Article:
“Surviving Bear Island,” Fairbanks author Paul Greci’s debut work of middle-grade fiction, focuses on a resilient boy who finds himself stranded on an island in Prince William Sound after a kayak trip gone wrong. Tom Parker’s parents loved the outdoors, and this trip with his father was meant to help both of them bond in a way they haven’t been able for a long time. At first, things go as planned. They paddle along the unpopulated shore of Bear Island, camping, looking for wildlife, and remembering Tom’s mother, who passed away a few years before.
In a sequence told in small bits throughout the book, things take an unfortunate turn when the kayak capsizes. Tom makes it to shore alone and sets off toward an old growth copse of trees that he and his father named “the Sentinels.” It’s where he’s sure his father will find him, and where he knows he’s most likely to be rescued.
“Surviving Bear Island” follows in the vein of books like “Hatchet,” by Gary Paulsen, in which a young boy finds himself alone in the woods, forced to rely on only what he has with him (several times, Greci lists those things), his knowledge of what’s around him — which isn’t always firsthand — and his own wits. Greci has spent time in Prince William Sound, and it shows. He describes Tom’s gradual initiation from the comforts of civilization into stark necessity and the natural world in a way kids will be able to relate to.
“Back in Fairbanks,” Tom thinks, “who cared if it was forty below in the winter when you had a warm house to hang out in or all the right clothes to go outside if you wanted to? You didn’t really need to deal with the weather unless you lived in it.” And, a little while later: “I turned around and picked my way downstream, glancing over my shoulder every couple of steps. Alert but calm, I thought. I didn’t freak out and do something stupid. I was starting to really get this. If you didn’t threaten something, or act like you were super nervous, then whatever else was around mellowed out too.”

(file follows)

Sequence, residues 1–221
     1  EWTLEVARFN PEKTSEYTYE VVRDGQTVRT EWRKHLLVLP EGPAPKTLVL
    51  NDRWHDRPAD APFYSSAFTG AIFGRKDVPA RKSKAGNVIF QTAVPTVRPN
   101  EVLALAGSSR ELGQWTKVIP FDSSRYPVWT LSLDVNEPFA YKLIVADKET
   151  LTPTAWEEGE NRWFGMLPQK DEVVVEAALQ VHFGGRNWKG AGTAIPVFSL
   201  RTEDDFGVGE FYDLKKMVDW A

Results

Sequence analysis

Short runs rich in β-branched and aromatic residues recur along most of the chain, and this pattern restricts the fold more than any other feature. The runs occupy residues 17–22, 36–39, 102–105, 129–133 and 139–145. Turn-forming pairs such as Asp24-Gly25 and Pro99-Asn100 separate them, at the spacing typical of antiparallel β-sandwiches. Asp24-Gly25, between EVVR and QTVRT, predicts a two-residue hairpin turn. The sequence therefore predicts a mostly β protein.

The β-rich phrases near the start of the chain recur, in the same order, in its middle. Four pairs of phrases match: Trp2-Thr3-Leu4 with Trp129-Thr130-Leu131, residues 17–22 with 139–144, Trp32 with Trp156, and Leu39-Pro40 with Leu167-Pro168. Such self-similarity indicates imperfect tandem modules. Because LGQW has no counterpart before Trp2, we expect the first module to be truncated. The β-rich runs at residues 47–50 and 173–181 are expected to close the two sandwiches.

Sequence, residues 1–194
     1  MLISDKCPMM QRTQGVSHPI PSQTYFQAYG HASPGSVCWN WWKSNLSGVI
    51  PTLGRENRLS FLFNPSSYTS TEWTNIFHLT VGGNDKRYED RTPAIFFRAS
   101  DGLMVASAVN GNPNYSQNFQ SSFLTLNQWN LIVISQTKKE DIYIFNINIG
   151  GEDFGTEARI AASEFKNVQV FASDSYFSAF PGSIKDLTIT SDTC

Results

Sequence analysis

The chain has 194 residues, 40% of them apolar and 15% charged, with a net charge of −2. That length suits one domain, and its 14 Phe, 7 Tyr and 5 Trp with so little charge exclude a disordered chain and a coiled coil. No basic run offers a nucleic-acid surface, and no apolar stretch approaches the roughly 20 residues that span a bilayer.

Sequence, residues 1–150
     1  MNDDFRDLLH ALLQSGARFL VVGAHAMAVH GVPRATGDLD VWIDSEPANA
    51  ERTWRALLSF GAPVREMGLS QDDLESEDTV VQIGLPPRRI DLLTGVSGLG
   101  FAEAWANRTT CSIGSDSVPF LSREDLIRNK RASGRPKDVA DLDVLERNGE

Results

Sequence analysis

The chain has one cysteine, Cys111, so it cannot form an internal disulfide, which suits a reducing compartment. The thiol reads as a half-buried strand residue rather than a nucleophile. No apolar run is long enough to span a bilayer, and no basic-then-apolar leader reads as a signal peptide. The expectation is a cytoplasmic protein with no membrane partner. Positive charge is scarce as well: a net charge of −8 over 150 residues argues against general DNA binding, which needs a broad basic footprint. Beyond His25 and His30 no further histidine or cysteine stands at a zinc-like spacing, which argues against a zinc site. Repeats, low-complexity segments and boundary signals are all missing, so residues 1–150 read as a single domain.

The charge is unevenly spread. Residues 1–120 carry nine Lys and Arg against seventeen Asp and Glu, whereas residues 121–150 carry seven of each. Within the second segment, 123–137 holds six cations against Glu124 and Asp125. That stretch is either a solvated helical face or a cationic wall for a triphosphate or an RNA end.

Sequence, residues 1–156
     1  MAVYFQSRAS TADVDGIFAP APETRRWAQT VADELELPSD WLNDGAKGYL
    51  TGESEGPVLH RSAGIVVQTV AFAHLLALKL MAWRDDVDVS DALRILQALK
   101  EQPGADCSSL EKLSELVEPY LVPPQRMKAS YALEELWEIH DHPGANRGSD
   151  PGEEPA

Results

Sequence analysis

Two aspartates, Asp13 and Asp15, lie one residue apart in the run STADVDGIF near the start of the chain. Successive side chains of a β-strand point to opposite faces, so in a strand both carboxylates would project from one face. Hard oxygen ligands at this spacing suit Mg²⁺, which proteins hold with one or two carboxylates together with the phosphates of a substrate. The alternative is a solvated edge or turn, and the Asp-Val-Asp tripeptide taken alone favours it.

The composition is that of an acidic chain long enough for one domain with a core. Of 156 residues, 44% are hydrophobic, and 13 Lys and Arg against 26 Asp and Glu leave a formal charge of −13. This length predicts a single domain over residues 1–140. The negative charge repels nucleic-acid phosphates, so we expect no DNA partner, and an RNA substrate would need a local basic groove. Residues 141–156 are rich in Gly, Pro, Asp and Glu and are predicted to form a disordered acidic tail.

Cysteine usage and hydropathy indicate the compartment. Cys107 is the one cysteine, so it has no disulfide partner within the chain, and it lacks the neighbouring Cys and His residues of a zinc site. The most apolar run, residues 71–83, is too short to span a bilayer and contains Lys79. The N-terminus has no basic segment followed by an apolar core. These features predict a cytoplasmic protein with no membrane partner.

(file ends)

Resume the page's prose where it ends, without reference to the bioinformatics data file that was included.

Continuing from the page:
Though neither of his parents are physically present, both of them help him. His mother was a musician, and Tom gives himself a few moments of much needed levity making up songs about his situation, as she would have done. His father’s advice and knowledge save him, as well – “alert but calm” is his father’s phrase, and it’s his father that forced him to carry a survival pack at all times, even though it was cumbersome.
Survival pack notwithstanding, his parents do take risks, and, at least on his father’s part, they do make decisions that the people teaching outdoor survival classes would shake their heads at (not telling anyone they were leaving, for example.) Other times, however, they’re the kind of risks associated with living a full life and appreciating the outdoors in a place like Alaska. Tom’s predicament makes him think about this. “(Mom and Dad had) both taken all kinds of risks in their lives. But how were you supposed to live, anyway? All cautious, never doing anything because you were scared of some unlikely disaster? What kind of life would that be? What they did and why they did it was part of who they were.”
The mission of Move Books, the company publishing “Surviving Bear Island,” is “to cultivate a generation of boys who are recreational readers... because the stories mean something to them and fit their own experiences,” according to the jacket of the advance reading copy. It’s a laudable mission, though I can’t help but worry young girls will see a riveting book about the outdoors, read “for boys,” and absorb the idea that it’s not for them. Then again, I read Hardy Boys books when I ran out of Nancy Drew, so maybe it’s a baseless fear. Either way, “Surviving Bear Island” is an exciting book outdoors-minded boys and girls both will enjoy, and Southeast Alaskans will find a lot they can relate to. It’s fast paced enough to keep reluctant readers’ attention, but it also avoids oversimplification while communicating real-life dilemmas in understandable ways.
Though some of Greci’s previous work has won awards, “Surviving Bear Island” is his first published novel. It’s aimed at kids in the 4th grade (age 9) and up; it’s a Junior Library Guild Selection for 2015.
It’s available for pre-order on Amazon, and it’ll be available at bookstores and online retailers March 25.